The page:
(Column 01)Summary: The paper asserts that the streets and back yards of Staunton need cleaning, and urges Sgt. Parrent to see to it.[No Title]
(Names in announcement: Sgt. Parrent)
(Column 01)Summary: A ditch is being dug across Garber's Hill to Dr. Sear's residence to carry water from the public pipes.[No Title]
(Names in announcement: Dr. Sears)
(Column 01)Summary: The new cemetery has been graded and curbed and now only needs brick pavement and a row of trees.[No Title]
(Column 01)Summary: The paper argues that an Intelligence Office for supplying house servants and laborers is needed in Staunton.[No Title]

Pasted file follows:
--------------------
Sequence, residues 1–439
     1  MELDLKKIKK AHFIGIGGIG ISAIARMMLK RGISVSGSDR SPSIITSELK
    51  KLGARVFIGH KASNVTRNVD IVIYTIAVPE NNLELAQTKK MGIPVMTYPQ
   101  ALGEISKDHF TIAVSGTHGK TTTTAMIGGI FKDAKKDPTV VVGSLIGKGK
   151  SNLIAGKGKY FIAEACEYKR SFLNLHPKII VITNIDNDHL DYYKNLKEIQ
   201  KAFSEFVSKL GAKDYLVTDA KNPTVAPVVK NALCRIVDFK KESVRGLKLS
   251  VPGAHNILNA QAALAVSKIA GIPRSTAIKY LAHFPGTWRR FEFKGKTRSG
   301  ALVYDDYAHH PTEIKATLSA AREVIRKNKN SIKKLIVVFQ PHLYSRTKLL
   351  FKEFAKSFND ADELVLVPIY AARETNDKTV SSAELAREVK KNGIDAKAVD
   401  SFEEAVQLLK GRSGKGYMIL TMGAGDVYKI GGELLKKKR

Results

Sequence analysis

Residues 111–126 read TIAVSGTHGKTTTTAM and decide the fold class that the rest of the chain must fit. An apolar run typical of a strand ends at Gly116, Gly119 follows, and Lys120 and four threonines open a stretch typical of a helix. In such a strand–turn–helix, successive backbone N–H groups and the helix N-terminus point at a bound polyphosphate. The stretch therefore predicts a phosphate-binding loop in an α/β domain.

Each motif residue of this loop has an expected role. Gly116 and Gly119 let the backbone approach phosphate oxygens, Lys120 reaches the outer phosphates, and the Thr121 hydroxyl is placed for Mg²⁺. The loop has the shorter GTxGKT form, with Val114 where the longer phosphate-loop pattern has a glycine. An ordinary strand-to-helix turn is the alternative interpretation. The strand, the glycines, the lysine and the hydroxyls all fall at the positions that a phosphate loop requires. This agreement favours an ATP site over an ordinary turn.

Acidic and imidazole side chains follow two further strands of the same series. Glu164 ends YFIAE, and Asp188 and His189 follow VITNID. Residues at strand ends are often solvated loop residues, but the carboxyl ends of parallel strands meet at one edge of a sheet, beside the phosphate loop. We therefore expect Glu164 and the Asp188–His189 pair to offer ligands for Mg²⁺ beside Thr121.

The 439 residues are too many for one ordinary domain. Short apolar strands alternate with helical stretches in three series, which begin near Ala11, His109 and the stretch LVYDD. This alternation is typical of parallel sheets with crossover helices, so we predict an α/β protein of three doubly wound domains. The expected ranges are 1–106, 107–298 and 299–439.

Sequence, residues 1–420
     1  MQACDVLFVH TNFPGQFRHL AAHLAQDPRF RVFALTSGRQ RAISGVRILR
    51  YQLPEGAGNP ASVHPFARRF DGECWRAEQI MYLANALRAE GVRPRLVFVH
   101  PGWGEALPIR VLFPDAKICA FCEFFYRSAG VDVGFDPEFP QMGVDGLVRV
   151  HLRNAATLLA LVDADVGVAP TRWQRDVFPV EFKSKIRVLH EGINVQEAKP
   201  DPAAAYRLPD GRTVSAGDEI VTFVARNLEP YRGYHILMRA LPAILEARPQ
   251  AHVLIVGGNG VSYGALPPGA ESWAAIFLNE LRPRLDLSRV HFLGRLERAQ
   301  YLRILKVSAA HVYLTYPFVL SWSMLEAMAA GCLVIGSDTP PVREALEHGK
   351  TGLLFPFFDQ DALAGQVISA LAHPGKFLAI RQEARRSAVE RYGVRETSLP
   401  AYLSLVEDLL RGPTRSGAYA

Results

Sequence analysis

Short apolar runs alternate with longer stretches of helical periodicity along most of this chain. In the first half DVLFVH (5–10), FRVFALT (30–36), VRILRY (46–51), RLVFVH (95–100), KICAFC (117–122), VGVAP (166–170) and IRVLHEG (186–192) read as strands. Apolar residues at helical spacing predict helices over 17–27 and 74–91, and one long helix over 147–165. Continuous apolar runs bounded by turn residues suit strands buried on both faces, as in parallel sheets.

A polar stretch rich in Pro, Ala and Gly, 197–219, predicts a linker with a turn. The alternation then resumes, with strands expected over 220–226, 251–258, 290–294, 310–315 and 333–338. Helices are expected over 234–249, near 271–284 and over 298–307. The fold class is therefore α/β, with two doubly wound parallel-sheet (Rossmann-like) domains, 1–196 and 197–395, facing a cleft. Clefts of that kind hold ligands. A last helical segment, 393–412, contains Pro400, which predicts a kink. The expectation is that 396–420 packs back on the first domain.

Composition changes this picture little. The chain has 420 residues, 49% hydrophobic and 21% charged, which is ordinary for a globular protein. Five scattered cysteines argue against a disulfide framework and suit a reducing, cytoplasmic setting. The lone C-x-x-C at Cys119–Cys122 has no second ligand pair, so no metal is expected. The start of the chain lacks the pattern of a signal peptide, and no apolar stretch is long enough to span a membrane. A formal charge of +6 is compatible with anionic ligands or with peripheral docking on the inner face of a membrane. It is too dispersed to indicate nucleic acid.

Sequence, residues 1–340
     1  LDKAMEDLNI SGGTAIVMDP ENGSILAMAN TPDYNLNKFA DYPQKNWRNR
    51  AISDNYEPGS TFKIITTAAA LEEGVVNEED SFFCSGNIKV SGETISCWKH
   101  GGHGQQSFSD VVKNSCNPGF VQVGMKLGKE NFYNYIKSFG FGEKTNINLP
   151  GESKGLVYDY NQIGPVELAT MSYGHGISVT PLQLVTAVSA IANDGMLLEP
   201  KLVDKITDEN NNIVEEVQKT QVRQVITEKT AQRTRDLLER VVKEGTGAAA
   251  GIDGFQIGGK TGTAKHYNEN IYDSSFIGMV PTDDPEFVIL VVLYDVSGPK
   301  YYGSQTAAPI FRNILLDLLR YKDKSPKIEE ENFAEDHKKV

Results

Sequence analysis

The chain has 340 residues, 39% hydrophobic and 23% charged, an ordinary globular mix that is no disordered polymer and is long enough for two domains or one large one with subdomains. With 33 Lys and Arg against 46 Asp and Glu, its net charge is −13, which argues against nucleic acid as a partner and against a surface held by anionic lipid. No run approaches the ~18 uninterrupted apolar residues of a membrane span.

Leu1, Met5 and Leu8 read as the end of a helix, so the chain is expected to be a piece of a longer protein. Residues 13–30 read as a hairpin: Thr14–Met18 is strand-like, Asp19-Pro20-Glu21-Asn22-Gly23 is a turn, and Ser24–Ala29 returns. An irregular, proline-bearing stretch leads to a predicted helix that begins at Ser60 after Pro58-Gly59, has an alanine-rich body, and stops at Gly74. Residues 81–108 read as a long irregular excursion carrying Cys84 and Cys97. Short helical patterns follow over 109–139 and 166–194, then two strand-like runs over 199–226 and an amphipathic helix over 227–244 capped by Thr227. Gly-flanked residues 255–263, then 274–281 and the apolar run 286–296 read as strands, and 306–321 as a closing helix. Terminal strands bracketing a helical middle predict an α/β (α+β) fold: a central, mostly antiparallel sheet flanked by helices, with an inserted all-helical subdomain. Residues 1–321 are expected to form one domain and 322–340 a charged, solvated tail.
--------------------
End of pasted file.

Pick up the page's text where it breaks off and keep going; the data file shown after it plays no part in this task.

(Column 02)Summary: The circus of McGinley and Carrol, rumored to be the best around, will perform in Staunton on the 15th. The agent, Mr. A. W. Morgan, is now in town.Staunton
(Column 02)Summary: The paper reports that "new improvements constantly meet the eye in our growing city, emigrants continue to arrive, new business houses are opened, produce shipments are heavy, all our Mechanics are kept busy and a general air of prosperity prevails. Staunton is the liveliest city in the State and in five years will have about 15,000 inhabitants."A Census
(Column 02)Summary: A private census of Staunton will be conducted soon. It is estimated that the current population is now 7,000, an increase of 3,500 since the war.